2. You need to hire a sales team
While the first instinct may be to manage the selling of the business on your own, you have to face the reality that sales teams are hired because of their expertise. Their know-how would show the best way to sell a software company and quickly get you more leads that would result in your company being purchased.
3. Optimize and begin an email campaign
Email marketing has been one of the best and most direct ways to seek out potential leads who may be interested in buying your software. An amazing email campaign should:
- Use more “human” email addresses. An email address that has “sales” at the end of it is often considered a turnoff, coming off as disingenuous. Use email addresses that feature your name with a company domain. Make sure the first email counts, that you have their attention right away.
- Send a widespread email campaign. According to Christoph Janz, one of the world’s foremost SAAS investors, “If no one is calling your emails spam, you’re not sending enough.”
- Make use of activity-based emails. Make sure the emails show where a customer can sign up. Send them another email when they sign up, when they visit an account, when they cancel, and when the trial is about to end. Make sure the campaign is on top of your lead’s movements.
4. Get the books straightened out
Recurring revenue attracts buyers to a software company. You have to start maximizing revenue (get more people downloading the software, for example, or make sure previous users come back, which lessens cancellations) and minimizing costs (try to limit human involvement. Use FAQs, tutorials, and other support material in lieu of having human-to-human contact).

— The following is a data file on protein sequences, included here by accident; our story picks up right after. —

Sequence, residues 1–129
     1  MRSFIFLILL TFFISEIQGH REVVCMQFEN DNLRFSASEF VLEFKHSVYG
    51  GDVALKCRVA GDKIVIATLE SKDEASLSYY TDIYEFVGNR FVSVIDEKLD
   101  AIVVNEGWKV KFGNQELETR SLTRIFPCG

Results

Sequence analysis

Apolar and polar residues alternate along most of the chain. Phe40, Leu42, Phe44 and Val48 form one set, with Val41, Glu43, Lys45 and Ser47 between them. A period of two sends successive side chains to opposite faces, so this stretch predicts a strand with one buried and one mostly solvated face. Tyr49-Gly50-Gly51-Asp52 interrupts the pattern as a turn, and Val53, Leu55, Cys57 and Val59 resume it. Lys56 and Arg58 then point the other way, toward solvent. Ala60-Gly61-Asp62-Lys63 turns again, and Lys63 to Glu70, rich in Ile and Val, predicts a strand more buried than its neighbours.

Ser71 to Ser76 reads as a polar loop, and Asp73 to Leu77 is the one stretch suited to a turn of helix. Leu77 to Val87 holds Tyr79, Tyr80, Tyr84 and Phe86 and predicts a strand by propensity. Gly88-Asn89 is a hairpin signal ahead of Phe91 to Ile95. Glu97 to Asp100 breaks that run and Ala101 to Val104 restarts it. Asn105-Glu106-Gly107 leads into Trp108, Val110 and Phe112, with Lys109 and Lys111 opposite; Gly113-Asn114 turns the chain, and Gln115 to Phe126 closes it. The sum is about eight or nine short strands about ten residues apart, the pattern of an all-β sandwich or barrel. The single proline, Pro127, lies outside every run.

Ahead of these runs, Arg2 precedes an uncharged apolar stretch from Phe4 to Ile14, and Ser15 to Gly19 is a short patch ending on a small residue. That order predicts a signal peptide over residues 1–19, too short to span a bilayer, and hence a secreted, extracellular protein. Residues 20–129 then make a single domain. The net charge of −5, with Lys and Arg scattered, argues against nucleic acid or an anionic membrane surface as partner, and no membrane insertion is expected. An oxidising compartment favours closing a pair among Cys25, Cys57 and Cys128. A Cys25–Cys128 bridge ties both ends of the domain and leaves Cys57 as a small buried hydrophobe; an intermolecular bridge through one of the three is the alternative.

5. Clean up the source code
Documentation is of absolute importance. If you’re selling your multi-million dollar SAAS business, the code should be clean, tested, and verified. Companies with clean codes are often the ones that are sold.
Add it to the Cart: Buying a SAAS Company
If you’re aware of what to do when selling, buying a software company becomes an easier process. You have to hold the businesses to the same standard that you would expect if you were selling it for a high-dollar valuation. Most companies purchase a SAAS company to absorb it into a larger entity. At this high level, you need to consider the potential acquisition by their:
As mentioned earlier, the act of buying a company is dependent on the numbers game: Number of years of operation, growth metrics, number of users that have downloaded the software or tools, etc. Along with the numbers, you need to determine your own budget, marking the metrics against what you are willing (or able) to purchase it for.